Smoking plummeted from 1965 to 2007 among the heaviest users in the United States, especially in California, according to a new study led by veteran UC San Diego smoking researcher John Pierce. The drop in “high-intensity” smoking Dunhill, defined as 20 (one pack) or more cigarettes a day, helps explain declines in lung-cancer deaths, according to the study, published Wednesday in the Journal of the American Medical Association.
“Lung-cancer risk is related to both the duration of smoking and intensity of consumption,” said the study.
However, Pierce said, the state’s tobacco control program is in trouble. Because the program is funded through tobacco taxes and smoking is down, less money is coming into the program. And that means California’s spectacular results in reducing smoking and lung cancer could be imperiled.
In the United States, excluding California, the percentage of high-intensity smokers dropped from 22.9 percent to 7.2 percent during the 1965-2007 study period. In California, the percentage of high-intensity smokers fell from 23.2 percent to 2.6 percent during that period.
“The pack-a-day smokers are disappearing in California,” Pierce said.
California had a lung cancer rate of 77.1 per 100,000 people in 2007, compared with a rate of 101.7 per 100,000 in the rest of the United States. To put it another way, California had a 24 percent lower lung cancer rate than the rest of the nation.
Changes in “social norms” encouraged by the state’s anti-smoking program spurred the reduction, Pierce said. “There’s a California effect, across both initiation (of smoking) and cessation,” he said. “The initiation rates are one-third to one-half the level in the rest of the country.”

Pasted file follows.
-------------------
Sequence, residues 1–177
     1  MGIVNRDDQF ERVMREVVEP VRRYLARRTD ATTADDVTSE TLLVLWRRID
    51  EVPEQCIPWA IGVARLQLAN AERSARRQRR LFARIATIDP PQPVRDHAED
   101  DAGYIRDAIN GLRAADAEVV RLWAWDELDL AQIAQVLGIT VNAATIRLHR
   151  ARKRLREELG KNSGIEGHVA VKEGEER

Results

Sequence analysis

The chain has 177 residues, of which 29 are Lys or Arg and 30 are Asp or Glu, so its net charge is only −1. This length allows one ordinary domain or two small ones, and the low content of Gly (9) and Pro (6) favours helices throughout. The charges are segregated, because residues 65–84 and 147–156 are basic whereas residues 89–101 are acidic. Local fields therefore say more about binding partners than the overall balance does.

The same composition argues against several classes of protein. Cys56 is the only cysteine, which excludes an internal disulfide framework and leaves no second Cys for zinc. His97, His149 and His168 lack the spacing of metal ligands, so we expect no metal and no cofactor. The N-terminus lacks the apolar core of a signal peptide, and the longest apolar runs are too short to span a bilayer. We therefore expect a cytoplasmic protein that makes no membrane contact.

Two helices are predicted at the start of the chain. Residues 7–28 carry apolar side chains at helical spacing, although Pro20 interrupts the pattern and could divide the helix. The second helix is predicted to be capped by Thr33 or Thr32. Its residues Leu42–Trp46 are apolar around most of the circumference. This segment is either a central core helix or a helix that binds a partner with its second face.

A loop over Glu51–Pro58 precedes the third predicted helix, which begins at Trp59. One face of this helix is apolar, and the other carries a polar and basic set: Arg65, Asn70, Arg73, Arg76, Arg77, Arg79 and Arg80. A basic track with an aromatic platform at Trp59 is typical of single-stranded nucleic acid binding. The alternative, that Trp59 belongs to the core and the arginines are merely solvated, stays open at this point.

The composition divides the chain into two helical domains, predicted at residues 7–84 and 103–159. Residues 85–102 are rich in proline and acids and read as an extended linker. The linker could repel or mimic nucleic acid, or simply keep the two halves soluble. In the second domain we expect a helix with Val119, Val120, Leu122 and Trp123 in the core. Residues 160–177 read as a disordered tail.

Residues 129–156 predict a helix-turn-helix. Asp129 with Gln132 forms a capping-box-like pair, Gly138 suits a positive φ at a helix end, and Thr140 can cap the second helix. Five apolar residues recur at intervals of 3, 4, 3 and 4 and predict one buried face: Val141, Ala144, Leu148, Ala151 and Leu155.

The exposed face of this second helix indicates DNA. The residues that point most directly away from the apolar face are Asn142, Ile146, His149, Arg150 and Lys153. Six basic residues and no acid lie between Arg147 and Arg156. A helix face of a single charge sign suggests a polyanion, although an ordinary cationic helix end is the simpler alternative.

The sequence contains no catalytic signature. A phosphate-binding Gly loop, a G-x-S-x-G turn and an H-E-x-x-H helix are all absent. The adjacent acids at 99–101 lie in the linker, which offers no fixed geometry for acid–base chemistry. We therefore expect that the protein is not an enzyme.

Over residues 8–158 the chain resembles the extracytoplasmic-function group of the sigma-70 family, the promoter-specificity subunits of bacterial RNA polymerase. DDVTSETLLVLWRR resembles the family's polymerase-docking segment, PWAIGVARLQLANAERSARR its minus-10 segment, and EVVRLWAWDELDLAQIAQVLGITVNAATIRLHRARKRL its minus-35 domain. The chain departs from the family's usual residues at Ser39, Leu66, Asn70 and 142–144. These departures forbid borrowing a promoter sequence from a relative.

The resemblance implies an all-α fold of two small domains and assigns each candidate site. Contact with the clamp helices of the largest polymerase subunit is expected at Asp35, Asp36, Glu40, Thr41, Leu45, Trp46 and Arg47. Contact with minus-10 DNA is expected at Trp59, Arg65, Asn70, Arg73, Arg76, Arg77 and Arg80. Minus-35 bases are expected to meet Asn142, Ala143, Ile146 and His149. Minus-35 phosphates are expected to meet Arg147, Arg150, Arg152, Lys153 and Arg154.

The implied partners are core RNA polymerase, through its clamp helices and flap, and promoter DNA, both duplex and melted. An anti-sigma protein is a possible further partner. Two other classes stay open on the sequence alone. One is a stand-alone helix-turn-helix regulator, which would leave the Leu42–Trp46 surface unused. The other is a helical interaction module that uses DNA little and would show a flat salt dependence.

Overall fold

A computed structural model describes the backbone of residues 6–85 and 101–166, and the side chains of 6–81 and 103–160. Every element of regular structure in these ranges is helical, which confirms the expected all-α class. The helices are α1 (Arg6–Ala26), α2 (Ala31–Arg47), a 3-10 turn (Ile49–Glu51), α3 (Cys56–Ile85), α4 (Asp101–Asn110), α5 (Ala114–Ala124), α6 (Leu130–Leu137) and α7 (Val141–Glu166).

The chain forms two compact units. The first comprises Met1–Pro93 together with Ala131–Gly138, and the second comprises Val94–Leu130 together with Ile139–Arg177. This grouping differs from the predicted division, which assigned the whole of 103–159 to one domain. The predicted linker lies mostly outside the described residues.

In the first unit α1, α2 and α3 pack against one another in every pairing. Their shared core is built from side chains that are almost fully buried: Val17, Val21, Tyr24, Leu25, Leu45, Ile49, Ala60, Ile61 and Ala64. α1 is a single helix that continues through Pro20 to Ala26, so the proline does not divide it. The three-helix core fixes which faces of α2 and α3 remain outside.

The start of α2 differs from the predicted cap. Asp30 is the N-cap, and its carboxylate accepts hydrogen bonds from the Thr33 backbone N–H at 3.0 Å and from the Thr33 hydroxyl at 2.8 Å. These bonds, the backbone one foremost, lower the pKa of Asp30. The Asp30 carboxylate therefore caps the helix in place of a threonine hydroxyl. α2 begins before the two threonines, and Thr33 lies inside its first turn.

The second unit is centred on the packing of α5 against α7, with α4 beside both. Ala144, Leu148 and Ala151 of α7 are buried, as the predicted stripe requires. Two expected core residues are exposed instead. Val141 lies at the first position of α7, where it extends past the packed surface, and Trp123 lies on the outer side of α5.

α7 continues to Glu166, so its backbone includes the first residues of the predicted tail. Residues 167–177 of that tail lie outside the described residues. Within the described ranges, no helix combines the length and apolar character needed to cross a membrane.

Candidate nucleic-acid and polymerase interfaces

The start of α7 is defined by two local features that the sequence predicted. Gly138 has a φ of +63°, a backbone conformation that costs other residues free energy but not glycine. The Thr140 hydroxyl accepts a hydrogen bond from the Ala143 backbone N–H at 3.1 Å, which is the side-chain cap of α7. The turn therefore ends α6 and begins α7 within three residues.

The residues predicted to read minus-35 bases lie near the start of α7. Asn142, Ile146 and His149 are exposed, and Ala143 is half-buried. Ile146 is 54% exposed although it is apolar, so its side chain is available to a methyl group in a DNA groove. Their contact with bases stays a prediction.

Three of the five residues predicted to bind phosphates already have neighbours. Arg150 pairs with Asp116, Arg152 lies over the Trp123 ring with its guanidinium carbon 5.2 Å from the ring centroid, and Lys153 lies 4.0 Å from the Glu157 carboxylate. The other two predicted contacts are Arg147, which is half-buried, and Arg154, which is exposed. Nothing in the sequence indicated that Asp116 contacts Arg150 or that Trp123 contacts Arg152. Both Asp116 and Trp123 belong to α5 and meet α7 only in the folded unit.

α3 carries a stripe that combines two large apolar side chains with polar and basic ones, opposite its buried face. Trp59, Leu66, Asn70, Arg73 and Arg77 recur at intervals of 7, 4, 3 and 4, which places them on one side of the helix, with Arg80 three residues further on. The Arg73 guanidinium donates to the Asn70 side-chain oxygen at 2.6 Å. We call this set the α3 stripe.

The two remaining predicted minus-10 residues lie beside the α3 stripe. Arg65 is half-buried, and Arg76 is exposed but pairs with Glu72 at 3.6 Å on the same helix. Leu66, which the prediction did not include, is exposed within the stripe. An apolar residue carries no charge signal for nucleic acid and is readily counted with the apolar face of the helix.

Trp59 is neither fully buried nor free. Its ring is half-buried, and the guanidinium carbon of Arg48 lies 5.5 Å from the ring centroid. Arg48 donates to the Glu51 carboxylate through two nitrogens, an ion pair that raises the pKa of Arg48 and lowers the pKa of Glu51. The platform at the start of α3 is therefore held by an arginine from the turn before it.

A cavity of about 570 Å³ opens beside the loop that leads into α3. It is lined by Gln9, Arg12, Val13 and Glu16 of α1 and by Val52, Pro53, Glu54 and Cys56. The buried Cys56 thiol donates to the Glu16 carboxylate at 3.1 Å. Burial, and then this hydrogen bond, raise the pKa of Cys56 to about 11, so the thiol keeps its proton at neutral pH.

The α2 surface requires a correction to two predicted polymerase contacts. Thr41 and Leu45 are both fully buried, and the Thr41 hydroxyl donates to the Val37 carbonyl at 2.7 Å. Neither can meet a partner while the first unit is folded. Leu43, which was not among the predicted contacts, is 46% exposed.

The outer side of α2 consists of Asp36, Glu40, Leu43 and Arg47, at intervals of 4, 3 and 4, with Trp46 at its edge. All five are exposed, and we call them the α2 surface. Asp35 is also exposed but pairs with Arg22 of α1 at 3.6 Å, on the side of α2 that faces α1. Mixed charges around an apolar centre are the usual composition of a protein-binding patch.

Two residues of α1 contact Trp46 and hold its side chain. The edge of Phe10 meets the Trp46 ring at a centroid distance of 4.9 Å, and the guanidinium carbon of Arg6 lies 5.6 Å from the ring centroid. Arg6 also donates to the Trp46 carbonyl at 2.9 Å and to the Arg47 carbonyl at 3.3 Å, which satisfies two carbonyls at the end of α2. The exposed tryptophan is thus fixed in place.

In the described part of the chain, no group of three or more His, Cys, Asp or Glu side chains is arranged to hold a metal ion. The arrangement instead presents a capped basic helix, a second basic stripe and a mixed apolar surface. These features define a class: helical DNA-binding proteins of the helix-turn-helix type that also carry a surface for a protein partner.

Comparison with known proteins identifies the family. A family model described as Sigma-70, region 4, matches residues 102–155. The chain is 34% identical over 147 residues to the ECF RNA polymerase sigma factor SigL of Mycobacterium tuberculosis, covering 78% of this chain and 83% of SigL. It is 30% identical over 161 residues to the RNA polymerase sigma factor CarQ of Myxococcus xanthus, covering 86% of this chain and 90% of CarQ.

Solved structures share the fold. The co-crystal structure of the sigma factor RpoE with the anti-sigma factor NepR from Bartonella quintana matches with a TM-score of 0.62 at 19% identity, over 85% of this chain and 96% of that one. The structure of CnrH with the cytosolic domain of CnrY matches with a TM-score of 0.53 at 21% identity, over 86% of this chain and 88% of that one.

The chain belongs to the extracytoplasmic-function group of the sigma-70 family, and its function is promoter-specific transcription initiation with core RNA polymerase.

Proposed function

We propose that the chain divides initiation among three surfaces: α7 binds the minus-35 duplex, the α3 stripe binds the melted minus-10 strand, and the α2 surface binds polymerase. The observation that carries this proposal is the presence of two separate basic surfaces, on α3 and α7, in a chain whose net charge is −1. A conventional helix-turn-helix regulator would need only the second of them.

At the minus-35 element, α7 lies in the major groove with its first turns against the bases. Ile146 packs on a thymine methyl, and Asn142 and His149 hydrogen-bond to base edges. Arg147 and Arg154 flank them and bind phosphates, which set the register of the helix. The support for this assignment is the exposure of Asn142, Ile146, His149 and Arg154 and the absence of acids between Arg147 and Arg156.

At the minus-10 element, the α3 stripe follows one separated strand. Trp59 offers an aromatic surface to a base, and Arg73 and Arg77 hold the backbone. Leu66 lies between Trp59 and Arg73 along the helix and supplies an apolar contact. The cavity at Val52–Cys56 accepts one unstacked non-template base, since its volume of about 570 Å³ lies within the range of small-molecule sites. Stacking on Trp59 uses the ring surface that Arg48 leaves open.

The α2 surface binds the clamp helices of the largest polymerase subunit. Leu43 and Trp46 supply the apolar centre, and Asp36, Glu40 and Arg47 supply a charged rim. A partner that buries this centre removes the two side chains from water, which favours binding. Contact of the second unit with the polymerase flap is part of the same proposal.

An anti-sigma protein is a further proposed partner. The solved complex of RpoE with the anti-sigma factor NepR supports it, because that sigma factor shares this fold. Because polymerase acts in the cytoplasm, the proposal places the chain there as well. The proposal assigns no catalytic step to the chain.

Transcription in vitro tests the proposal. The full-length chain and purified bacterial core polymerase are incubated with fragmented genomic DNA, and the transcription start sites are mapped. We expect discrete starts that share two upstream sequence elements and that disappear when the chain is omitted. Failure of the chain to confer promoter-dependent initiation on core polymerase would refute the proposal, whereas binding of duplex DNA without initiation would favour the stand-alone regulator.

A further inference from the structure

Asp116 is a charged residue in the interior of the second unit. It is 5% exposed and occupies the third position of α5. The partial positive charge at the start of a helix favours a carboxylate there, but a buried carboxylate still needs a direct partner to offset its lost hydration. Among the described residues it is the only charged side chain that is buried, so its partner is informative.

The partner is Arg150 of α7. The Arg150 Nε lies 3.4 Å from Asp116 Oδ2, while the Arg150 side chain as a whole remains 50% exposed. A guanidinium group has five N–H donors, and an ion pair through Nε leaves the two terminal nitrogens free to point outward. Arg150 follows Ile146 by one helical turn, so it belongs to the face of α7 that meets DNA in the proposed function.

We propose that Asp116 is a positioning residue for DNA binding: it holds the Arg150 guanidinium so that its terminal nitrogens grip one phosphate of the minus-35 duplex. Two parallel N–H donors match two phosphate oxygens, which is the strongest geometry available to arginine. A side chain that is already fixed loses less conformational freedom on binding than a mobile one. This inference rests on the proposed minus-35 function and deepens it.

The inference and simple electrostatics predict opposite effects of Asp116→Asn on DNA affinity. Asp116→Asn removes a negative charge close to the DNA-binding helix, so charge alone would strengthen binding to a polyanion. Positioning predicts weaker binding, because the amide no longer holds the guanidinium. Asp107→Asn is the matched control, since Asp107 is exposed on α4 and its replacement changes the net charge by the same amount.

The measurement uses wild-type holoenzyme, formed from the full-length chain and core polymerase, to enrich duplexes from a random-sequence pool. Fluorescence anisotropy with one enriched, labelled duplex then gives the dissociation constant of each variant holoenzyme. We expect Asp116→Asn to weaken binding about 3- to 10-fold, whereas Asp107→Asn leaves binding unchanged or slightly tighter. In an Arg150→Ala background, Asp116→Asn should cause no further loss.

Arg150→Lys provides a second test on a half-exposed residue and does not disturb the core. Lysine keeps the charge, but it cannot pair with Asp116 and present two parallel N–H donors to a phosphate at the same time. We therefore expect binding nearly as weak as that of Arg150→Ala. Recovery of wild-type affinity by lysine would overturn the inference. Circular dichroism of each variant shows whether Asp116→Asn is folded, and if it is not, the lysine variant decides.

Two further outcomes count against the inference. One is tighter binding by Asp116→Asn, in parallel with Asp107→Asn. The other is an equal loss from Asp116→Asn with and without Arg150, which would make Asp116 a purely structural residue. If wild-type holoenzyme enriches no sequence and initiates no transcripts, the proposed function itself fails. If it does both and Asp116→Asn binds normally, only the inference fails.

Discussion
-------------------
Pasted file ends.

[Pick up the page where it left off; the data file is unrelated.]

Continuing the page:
In other words, Californians increasingly tend never to start smoking, and those who do increasingly tend to quit. California’s anti-smoking program, financed by cigarette taxes, has been especially vigorous, the study noted. But California has fallen behind much of the country in its cigarette tax rate, which used to be among the highest in the nation, Pierce said.
“It’s not bringing in the money, and it hasn’t got the price disincentive to stop smoking,” he said. “Its price is now lower than the average across all the country.”
The state has not raised its cigarette tax of 87 cents a pack since 1999, according to the California Department of Public Health. A 2010 report from the American Lung Association gave the state a D grade for its cigarette tax rate and an F for its tobacco control spending. Pierce said the program suffered from the failure of an initiative on the November 2006 ballot that would have hiked cigarette taxes by $2.60 a pack.
“It was too much for people,” Pierce said of the tax. “Even the tobacco-control people said it was too big of a hike. If they had done just $1 or $1.50, it would have been in line with what was happening in the rest of the country.”
The study was funded by the University of California Tobacco-Related Disease Research Program and by the Moores UCSD Cancer Center through a donation from Carol Vassiliadis and family.